[0037] The top surface 402, the bottom surface 404, the right side 405 and the left side 403 (side surfaces) of the body 470 may be formed from a single continuous mass of material and formed, such as in a break, to form the four separate surfaces. Alternately, top surface 402, the bottom surface 404, the right side 405 and the left side 403 may be formed from separate plates, or sheets, which are secured together, such as brazing or welding, to form the four separate surfaces. Similarly, the back surface 408 and front surface 406 may be fastened to or welded to a respective side surface, such as left side 403. In other embodiments, the entire body 470, including the front surface 406, the top surface 402, the bottom surface 404, the right side 405 and the left side 403, may be formed by casting, for example using copper, into a single continuous mass of material.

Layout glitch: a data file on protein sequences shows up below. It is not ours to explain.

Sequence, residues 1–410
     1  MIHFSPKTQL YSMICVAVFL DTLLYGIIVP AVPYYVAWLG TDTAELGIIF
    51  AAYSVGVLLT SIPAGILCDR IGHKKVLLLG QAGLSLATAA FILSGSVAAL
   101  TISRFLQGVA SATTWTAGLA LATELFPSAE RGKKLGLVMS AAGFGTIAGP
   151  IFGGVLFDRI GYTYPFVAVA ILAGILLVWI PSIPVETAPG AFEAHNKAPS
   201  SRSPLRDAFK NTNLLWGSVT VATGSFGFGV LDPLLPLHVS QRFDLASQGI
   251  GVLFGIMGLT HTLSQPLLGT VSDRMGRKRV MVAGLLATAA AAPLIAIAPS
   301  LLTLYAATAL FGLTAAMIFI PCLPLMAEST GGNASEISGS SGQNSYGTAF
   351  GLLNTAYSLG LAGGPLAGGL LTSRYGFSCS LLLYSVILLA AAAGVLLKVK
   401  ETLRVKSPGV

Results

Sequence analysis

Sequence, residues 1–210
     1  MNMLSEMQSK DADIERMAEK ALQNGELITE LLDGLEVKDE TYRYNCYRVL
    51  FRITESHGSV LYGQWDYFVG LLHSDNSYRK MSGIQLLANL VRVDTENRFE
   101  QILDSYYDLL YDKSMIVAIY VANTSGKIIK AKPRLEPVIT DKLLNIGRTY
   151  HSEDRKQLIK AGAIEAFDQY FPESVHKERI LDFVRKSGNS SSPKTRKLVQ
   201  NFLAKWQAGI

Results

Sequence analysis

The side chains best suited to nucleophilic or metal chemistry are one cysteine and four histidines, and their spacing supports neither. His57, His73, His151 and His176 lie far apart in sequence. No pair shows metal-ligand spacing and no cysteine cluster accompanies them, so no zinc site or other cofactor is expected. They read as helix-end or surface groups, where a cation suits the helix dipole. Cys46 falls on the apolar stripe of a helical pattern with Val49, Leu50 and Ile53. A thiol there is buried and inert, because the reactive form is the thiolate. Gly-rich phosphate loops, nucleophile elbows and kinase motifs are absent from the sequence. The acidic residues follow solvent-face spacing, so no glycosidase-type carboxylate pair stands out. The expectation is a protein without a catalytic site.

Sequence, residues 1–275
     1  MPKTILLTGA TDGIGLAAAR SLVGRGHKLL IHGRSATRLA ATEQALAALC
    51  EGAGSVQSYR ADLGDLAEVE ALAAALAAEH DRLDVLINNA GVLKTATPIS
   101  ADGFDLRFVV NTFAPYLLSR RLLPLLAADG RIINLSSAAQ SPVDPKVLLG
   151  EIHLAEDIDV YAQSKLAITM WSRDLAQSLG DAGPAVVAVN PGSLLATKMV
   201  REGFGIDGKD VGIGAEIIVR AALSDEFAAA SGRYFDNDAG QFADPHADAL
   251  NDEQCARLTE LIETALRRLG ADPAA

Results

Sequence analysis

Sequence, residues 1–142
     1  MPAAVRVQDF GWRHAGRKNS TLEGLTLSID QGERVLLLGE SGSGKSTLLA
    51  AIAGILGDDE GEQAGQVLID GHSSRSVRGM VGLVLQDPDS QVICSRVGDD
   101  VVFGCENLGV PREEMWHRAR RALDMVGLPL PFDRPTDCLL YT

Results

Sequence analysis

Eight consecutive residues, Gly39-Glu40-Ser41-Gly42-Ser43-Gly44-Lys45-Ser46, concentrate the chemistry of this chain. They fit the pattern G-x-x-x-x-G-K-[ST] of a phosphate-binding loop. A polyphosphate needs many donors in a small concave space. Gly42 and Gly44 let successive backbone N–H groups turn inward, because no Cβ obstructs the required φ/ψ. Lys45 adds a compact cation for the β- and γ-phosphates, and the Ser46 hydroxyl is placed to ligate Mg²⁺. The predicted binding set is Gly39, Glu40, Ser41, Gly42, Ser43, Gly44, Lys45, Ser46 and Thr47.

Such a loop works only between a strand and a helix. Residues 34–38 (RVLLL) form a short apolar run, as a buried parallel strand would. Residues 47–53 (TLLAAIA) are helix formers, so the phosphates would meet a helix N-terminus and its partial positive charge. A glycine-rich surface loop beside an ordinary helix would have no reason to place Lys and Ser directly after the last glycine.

[0038] Additionally or alternately, the back surface 408 and/or front surface 406 may be made from the same sheet of material forming a respective side surface, such as top surface 402. The surfaces may form flanges to support or form the back surface 408. For example as illustrated in Figure 5A, the top surface 402 may be bent to form a top flange 502, the left side 403 may be bent to form a left flange 503, the bottom surface 404 may be bent to form a bottom flange 504, and the right side 405 may be bent to form a right flange 505, all along the back surface 408. In one example, the flanges extend from the side surfaces inward toward the burner tube 450. In another example, the flanges extend outward from the side surfaces away from the burner tube 450. In the example where the flanges extend outward from the body 470, the flange may abut the sidewall 110 of the metallurgical furnace 100 and aid holding the burner panel 300 in the burner pocket 200. Each flange may optionally be welded to a respective side surface and/or an adjoining flange.